Organic Hospital Farms Are The Next Movement In Healthcare Reform
Categories: Health & Nutrition
This summer, St. Luke’s Hospital started sending all new moms home from the hospital with a basket of fresh produce, recipes and literature about the importance of a healthy diet.
All of the produce in the basket was grown on an organic farm on the hospital’s Anderson campus in Bethlehem, Pennsylvania. The hospital—part of a six-campus network—has been running a farm on the 500-acre grounds since 2014.
“Our mission is to provide great healthcare and part of that is educating patients about the benefits of a plant-based, organic diet,” explains Ed Nawrocki, president of the Anderson campus. “One of the best ways to do that is to lead by example and show them how delicious produce grown on our farm tastes.
But it’s not just new moms who benefit from the hospital’s bounty. In its first season, the farm at St. Luke’s grew 12 varieties of vegetables on five acres, producing 44,000 pounds of produce that was served to patients, incorporated into the cafeteria menu, and sold at weekly farmers markets on several hospital campuses. This year, the farm expanded to 10 acres and 30 varieties of fruits and vegetables.
Mark “Coach” Smallwood, executive director at the Rodale Institute, the nonprofit organization that worked with St. Luke’s to help get its farm off the ground, believes there is a growing interest in serving organic, locally grown produce at hospitals.
Some, like the University of Wisconsin Hospital, buy produce from local farms, others allow the community to use land on their campuses for community gardens. Now, a few hospitals are taking the next step, starting farms on hospital campuses. Among them are Stony Brook University Hospital on Long Island and Watertown Regional Medical Center in Wisconsin. Both are now using produce grown onsite to replace fruits and vegetables that are packaged and shipped thousands of miles before reaching patients.
“Hippocrates talked about food as medicine and we believe that to be true,” Smallwood says. “There is a paradigm shift happening and hospitals are realizing the value of producing fresh, local, organic food to serve to their patients.”
St. Joseph Mercy Ann Arbor Hospital in Ypsilanti, Michigan, planted the first crops on a 10-acre onsite farm in 2010 after patient satisfaction surveys revealed a demand. Over the past five years, the farm has grown to 25 acres, three hoop houses and four beehives. The farm grows fresh spinach, garlic, basil, collard greens and strawberries.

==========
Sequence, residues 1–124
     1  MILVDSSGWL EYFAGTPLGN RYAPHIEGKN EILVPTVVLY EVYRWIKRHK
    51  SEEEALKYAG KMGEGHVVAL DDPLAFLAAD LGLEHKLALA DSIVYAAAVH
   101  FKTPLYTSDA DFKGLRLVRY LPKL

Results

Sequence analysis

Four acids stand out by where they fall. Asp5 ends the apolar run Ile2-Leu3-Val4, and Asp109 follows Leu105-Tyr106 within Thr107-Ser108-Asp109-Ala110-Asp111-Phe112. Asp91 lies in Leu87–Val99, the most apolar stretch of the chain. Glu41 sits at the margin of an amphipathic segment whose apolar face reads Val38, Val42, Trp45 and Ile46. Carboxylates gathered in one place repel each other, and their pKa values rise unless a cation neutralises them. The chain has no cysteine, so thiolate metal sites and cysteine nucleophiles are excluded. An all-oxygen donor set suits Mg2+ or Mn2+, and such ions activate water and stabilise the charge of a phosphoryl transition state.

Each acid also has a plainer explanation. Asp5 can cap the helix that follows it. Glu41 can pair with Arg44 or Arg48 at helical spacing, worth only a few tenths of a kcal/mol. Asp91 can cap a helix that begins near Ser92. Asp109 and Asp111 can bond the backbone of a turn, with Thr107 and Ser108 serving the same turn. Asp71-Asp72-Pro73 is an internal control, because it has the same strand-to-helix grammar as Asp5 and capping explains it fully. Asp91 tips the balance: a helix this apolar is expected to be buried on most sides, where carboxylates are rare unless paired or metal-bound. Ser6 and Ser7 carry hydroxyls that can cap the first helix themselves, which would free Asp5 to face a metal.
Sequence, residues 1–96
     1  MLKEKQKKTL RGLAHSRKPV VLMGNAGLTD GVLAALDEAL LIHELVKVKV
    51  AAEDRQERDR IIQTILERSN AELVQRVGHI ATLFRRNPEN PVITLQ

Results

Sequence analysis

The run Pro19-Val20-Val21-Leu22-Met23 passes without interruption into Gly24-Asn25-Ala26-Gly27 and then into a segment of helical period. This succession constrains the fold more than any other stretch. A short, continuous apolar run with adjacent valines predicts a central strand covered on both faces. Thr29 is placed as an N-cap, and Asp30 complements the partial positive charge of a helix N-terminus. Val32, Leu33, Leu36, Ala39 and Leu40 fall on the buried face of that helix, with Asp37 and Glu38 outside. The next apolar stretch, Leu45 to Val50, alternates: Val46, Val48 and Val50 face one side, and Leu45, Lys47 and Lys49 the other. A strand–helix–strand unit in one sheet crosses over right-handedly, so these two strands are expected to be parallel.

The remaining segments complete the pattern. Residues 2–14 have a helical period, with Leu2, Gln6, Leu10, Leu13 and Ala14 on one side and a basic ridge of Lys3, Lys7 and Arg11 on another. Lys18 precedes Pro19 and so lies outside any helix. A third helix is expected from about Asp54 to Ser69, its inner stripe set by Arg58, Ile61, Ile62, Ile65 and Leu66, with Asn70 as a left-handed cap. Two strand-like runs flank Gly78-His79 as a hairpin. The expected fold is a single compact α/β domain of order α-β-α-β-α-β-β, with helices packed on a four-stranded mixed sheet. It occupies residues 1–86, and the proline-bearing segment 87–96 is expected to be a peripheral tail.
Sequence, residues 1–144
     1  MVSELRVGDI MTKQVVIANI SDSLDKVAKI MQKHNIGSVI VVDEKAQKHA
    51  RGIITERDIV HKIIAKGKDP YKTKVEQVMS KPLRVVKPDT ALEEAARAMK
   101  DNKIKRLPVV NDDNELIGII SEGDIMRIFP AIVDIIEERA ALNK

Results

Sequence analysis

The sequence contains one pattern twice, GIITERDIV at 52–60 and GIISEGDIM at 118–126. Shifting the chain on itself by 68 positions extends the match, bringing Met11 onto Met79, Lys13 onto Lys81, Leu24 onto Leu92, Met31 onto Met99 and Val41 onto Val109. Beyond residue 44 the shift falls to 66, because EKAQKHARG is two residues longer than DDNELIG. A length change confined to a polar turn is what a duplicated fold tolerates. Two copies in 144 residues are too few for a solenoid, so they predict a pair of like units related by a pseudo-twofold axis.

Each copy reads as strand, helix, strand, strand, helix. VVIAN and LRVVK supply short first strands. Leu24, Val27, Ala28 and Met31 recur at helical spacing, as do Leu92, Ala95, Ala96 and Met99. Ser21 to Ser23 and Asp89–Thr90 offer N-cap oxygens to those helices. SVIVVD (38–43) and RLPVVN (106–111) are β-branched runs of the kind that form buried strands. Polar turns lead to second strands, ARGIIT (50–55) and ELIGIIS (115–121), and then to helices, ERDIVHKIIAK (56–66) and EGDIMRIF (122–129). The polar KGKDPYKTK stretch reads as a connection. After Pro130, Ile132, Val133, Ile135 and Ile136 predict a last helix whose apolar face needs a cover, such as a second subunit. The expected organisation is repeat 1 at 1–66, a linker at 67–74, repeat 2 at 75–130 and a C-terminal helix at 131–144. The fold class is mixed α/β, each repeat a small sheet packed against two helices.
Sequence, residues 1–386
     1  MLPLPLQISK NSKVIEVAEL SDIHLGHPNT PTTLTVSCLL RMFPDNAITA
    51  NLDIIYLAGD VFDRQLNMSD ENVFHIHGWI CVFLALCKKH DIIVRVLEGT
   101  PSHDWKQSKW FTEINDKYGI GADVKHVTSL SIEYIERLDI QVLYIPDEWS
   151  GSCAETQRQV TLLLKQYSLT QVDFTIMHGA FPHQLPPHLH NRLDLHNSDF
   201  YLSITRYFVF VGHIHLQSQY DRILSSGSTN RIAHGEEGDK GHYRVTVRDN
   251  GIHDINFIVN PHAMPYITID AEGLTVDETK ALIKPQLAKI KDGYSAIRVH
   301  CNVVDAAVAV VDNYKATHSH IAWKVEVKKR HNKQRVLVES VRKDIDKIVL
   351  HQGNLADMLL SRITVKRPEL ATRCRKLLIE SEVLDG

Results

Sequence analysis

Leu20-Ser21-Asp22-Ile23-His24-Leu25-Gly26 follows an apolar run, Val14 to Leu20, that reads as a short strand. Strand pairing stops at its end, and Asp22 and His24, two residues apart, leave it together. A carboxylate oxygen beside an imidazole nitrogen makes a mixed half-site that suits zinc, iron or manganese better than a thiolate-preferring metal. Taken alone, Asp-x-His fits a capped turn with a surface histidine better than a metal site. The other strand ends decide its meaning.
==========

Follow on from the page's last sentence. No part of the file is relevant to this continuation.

“The farm helps us support a culture of wellness in the hospital,” says director of nutrition and wellness Lisa McDowell. “We can’t grow enough to meet the needs of all of our patients and staff, but we can make an educational statement about the importance of eating a healthy diet.”
While farm-to-hospital efforts have been well received by patients and created PR opportunities, operating a hospital-run farm is not without its challenges.
For starters, administrators are experts in healthcare, not agriculture.
To help launch its farm, St. Luke’s partnered with the Rodale Institute for assistance in creating and implementing a plan, hiring a farmer, and managing operations. At St. Joseph Mercy, the hospital invested $32,000 in two hoop houses, hired a full-time farmer to manage farming operations for the 537-bed hospital and relies on interns and volunteers to handle most of the labor.
It took a $125,000 capital investment to start the farm at St. Luke’s and, after two growing seasons, the farm is operating at a loss (with a goal of breaking even in 2016). The reason: Growing organic produce on the farm is more expensive than purchasing it through a foodservice supplier or sourcing it from local farms. But Nawrocki still champions the idea, explaining that encouraging patients to eat healthier diets now could improve their health in the future.
In addition to the capital investment to start farms, hospitals that want to serve fresh produce must invest in recipe development and training foodservice workers to transition from heating and reheating prepared foods to making dishes from scratch.
“When we order produce from a food service provider, it comes peeled and chopped and portioned; all our staff has to do is open the package and add it to the recipe,” McDowell explains. “Cooking with fresh foods from our farm is much more labor intense.”
In the future, the hospital hopes to partner with a local culinary program, using interns to offset the additional labor costs and make its hospital farm cost neutral by 2020.
Smallwood admits that foodservice staff is often resistant to the changes, which create additional work; hospitals that contract with external foodservice providers face the additional obstacle of needing to get buy-in.
“A paradigm shift has to occur,” he says. “Outsourcing is easier; over time, we believe that hospital-based farms can be as easy as outsourcing.”
It’s not just the behind-the-scenes issues that can stymie efforts to grow and serve fresh produce. Convincing patients to trade comfort foods like mac and cheese for whipped turnips and sautéed spinach can also be challenging.
“Some people just don’t care,” Nawrocki admits.
But, with the help of robust marketing campaigns and creative efforts, some hospitals are determined to help patients rethink their diets. St. Luke’s reduced prices at the salad bar by 25 percent to promote the farm’s produce; cafeteria sales are up 15 percent and, earlier this month, farmers markets at all six campuses sold out of produce.
“It takes creativity and flexibility to make [a hospital-based farm] work,” Nawrocki says. “But we believe it’s the right thing to do and that drives our efforts.”